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House Appropriators Propose 3.1% Civilian Pay Raise for 2020, Reject OPM-GSA Merger

Initial version of the general government spending bill ignores President Trump’s request for a pay freeze.

The House Appropriations Committee on Sunday evening unveiled a draft spending bill that would grant civilian federal employees a 3.1 percent pay raise in 2020, ignoring President Trump’s request for a pay freeze.  

The pay raise is part of the broader fiscal 2020 Financial Services and General Government appropriations bill, which contains a total of $24.6 billion in discretionary spending for the Treasury Department, Judiciary and several other independent agencies including the Office of Personnel Management and Small Business Administration. That represents a $1.4 billion increase over the enacted level of funding for this year and $355.5 million over Trump’s fiscal 2020 budget request, the committee said in a summary of the bill.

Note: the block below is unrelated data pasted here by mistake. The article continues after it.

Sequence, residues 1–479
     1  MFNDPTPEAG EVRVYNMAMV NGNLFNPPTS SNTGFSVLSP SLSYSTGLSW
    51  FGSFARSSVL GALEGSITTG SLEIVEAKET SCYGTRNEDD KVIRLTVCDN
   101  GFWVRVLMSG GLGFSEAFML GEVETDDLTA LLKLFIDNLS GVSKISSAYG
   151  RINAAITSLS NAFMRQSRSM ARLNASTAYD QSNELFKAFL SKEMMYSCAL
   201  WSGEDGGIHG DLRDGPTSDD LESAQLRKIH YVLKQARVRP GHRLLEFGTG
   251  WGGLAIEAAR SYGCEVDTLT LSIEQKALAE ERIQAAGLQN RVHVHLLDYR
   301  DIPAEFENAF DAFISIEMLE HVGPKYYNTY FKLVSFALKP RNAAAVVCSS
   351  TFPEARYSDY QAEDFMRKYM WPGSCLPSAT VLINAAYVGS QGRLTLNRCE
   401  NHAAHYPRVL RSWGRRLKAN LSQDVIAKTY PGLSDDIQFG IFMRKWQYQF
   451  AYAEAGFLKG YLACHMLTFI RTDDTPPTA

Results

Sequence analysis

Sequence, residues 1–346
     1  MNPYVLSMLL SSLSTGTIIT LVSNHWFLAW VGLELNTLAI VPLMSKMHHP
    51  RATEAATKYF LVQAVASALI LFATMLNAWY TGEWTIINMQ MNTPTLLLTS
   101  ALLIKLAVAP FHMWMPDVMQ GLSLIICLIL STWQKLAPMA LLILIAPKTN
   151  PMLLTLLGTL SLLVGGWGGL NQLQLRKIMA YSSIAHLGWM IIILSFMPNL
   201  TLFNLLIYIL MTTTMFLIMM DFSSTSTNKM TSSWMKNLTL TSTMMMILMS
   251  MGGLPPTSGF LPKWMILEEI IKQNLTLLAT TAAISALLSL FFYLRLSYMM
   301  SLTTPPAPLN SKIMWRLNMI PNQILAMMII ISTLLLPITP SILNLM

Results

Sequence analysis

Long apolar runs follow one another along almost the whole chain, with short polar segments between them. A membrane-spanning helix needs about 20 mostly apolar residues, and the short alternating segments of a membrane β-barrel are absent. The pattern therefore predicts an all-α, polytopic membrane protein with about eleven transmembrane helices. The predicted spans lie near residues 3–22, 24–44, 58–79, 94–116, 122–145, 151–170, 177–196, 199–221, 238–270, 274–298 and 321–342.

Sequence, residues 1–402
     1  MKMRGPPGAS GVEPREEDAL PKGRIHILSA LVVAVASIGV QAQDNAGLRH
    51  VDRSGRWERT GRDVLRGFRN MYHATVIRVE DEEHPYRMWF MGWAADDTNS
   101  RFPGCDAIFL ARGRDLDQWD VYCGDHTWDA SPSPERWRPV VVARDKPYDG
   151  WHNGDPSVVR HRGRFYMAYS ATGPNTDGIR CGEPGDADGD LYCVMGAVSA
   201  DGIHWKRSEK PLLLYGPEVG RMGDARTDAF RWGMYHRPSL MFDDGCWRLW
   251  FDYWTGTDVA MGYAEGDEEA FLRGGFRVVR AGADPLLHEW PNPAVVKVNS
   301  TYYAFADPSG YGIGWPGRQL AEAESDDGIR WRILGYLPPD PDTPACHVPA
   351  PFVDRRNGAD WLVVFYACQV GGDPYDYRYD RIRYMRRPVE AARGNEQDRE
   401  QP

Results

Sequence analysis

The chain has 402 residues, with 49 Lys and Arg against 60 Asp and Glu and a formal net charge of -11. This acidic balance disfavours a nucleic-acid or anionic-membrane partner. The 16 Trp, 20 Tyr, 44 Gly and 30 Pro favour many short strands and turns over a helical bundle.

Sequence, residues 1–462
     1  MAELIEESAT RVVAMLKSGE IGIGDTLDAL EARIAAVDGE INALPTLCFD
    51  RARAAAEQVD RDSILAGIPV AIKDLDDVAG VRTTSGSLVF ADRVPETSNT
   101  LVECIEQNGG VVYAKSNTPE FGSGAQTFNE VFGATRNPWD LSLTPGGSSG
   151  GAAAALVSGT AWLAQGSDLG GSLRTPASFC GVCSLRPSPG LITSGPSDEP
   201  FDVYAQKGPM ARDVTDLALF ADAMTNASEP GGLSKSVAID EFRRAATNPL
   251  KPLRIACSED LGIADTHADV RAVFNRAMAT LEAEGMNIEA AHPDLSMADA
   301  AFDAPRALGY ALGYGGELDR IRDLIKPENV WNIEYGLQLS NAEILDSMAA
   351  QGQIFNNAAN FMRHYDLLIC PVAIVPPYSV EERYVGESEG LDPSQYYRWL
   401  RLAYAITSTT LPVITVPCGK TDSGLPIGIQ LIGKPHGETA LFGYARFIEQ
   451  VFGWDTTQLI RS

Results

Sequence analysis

The committee’s initial version of the bill also rejects the Trump administration’s proposal to merge the Office of Personnel Management and General Services Administration. The merger proposal, which would move most of OPM’s functions to GSA but would transfer policymaking authority to a non-confirmed political appointee within the Office of Management and Budget, has met with a lukewarm reception on Capitol Hill even from some Republicans.  

The House Appropriations Committee draft bill is the first step in the process of negotiating spending levels. The panel’s Financial Services and General Government Subcommittee will mark up the bill Monday night. The Senate has not yet introduced its version of the bill. Once the measure makes its way through both the House and Senate, differences must be reconciled before it is sent to President Trump for his signature.